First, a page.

Text Mapping Nonfiction

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We’ve been working with nonfiction texts this winter, and so I was doing my due diligence on better ways to teach students how to read and comprehend these texts.

For an experienced reader, navigating nonfiction is not a daunting task, but imagine for a moment what it must be like to see all the busyness that makes up a nonfiction text for elementary students.  Text features – captions, text boxes, maps, labels, diagrams – a less expert reader has a difficult time capturing the flow of text. The difficulty of this really wasn’t brought home to me until I started text mapping with my fourth grade students.

A challenge for my students has been that either the text is so fractured because students stop to attend to the features as they try to read the text or the features are skipped entirely.  For my students, that means they are missing important pieces of information. And in testing situations, students often miss something nuanced that ends up in a test item. I knew I needed some new strategies that would help kids – and me – sort out how to read nonfiction in a more methodical, systematic manner.

And so with the help of Google, I happened upon text mapping, an innovation created by Dave Middlebrook.

One of the biggest advantages to implementing text mapping strategies was that I noticed how almost immediately my students could follow the flow of the actual text. Since the visual and textual features that supported their reading could be segregated away from the flow of words, the whole reading made more sense to them. They were more able to follow the flow of the words and then go back to pick up more information using those visual and textual features. For a more detailed version of the advantages of text mapping, be sure to read this section from the Textmapping Project Page.

We used the scroll strategy in my classroom for several iterations; however, this being test prep season, I’ve moved away from a physical scroll to adapting text maps to the normal page formats. Also, with a nod to prepping for state testing, we needed to invent black and white coding as colored pencils, highlighters, and the like are not allowed.  While some of the impact of coding is lost when color coding features is removed, the supporting features are still called out from the text. And students are still able to follow a logical flow of text and text features.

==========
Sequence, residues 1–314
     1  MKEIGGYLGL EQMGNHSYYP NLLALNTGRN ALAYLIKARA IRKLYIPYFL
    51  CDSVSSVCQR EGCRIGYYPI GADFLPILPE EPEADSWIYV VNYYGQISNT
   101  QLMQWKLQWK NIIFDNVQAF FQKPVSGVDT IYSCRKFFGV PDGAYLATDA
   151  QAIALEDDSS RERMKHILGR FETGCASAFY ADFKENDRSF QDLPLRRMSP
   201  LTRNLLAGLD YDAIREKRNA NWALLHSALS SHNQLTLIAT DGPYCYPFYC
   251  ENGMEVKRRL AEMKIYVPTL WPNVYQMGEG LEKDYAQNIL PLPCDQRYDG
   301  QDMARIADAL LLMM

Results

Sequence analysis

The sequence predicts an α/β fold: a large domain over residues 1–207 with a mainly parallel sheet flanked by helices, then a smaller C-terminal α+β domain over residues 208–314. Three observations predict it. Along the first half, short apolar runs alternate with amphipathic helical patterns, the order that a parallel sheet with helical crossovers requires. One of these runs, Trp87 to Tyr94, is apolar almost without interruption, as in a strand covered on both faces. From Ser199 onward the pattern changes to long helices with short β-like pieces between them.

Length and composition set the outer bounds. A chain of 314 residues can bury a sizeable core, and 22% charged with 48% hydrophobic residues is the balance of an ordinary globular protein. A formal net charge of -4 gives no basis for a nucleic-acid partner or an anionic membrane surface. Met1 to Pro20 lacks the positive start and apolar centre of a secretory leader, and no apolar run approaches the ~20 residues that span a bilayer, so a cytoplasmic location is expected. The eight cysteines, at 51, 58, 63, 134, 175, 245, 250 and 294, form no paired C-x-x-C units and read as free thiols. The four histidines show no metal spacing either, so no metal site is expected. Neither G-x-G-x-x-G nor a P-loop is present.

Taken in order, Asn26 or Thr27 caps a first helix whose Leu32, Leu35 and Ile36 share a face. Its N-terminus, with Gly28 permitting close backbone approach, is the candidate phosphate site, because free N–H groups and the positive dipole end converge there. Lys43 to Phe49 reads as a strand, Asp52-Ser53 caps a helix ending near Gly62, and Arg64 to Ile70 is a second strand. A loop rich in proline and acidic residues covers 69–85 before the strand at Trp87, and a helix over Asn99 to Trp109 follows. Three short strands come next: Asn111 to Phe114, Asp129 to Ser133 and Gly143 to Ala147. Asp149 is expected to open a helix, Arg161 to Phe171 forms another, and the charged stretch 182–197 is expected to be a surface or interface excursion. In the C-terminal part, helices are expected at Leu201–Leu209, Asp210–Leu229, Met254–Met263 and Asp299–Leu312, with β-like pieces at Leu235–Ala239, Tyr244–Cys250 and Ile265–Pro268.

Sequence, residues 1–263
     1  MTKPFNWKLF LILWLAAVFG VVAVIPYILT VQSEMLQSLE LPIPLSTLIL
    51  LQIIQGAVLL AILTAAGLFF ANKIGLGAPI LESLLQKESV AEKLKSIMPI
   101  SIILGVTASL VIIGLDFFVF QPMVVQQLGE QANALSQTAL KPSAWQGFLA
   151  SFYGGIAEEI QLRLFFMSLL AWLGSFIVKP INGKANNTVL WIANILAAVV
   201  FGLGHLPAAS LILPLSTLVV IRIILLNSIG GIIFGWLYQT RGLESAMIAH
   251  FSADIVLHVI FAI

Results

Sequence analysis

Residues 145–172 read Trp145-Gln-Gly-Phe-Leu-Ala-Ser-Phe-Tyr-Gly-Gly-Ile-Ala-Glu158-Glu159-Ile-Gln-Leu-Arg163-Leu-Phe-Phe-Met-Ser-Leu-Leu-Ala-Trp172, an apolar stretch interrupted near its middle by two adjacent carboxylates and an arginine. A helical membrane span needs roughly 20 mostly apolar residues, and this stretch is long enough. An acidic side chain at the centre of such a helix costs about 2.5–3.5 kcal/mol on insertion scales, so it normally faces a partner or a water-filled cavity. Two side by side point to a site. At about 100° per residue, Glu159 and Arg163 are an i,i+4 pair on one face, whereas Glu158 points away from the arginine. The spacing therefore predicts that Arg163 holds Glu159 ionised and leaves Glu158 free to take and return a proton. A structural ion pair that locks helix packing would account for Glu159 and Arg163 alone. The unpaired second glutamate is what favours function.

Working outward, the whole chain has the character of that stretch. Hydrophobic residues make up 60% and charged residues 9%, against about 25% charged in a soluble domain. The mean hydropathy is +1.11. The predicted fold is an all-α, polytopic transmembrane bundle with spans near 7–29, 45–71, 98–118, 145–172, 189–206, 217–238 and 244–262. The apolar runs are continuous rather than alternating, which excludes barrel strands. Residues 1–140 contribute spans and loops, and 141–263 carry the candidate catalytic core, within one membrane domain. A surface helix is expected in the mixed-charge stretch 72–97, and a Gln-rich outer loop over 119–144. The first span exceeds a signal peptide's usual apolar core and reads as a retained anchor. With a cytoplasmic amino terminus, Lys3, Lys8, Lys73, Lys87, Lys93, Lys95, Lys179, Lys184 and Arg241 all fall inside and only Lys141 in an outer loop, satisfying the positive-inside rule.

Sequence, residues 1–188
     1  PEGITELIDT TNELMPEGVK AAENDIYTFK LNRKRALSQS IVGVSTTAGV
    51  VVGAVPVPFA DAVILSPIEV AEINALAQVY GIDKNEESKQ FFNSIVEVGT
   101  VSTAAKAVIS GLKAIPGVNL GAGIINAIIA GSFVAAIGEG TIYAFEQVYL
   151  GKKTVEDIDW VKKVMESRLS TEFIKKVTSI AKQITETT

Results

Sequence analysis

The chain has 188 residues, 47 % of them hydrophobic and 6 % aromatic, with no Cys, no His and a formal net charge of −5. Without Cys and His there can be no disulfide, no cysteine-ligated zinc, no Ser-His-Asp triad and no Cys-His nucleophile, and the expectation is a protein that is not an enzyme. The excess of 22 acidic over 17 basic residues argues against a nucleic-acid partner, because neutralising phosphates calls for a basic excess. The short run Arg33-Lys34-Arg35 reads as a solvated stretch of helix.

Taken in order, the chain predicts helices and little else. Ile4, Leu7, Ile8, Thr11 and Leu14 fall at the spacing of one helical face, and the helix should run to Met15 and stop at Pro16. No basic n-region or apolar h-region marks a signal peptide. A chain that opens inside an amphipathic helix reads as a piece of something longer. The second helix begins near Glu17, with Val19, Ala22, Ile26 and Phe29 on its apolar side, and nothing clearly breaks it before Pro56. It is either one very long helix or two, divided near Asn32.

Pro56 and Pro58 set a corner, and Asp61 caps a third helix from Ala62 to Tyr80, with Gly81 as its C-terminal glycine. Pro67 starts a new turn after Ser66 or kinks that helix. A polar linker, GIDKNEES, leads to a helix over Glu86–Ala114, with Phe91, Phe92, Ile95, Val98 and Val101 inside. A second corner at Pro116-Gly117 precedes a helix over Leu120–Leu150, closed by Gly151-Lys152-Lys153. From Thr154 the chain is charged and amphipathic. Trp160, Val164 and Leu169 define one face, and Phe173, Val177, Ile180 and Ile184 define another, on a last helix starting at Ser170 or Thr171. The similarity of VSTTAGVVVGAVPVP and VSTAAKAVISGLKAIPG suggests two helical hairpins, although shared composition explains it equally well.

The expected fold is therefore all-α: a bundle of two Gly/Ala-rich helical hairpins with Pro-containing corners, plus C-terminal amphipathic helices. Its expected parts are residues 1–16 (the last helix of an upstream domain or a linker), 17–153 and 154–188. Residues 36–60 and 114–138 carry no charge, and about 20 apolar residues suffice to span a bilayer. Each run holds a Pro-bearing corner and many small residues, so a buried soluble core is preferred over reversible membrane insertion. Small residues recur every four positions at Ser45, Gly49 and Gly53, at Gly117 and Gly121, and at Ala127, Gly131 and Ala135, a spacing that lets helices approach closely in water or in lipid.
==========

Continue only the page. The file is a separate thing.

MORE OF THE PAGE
For elementary level teachers and more ideas about using text mapping, check out Classroom 2.0. 

Private Sector Burnout – This sounds familiar

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I was drawn to this article in the New York Times this morning: Why You Hate Work. Now, there is no way I can say I “hate” the work that I do. There is something uniquely satisfying about teaching even the smallest of skills or ideas to a child. Spiritually, teaching is an incredible opportunity to serve the greater good.

But the current atmosphere surrounding educators and education is particularly toxic.

Which made this OpEd citing conditions for mainly white-collar workers in corporate America kind of interesting.

Employees are vastly more satisfied and productive, it turns out, when four of their core needs are met: physical, through opportunities to regularly renew and recharge at work; emotional, by feeling valued and appreciated for their contributions; mental, when they have the opportunity to focus in an absorbed way on their most important tasks and define when and where they get their work done; and spiritual, by doing more of what they do best and enjoy most, and by feeling connected to a higher purpose at work.

As I read the article, I thought about how similar burnout in a white-collar environment is to burnout in education. According to this article posted in Forbes, 46% of all new teachers leave the professional within 5 years. Boomer teachers, like me, are finding it nearly intolerable to deal with the onerous working conditions brought on by mandate after mandate undermining what was once an honorable profession.

I’m not at all comforted by the fact that those who work in white-collar positions are feeling the same burnout that most educators increasingly experience. I am alarmed. I hope you are too.

It’s the poverty stupid

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Remember when then-candidate Clinton – Bill, not Hillary – had a sign probably written by James Carville that read “It’s The Economy, Stupid”?

Well, to paraphrase in this age of educators-can-do-nothing-right, I’d like to say that as anyone who scratches below the surface of education knows, it’s the poverty, stupid.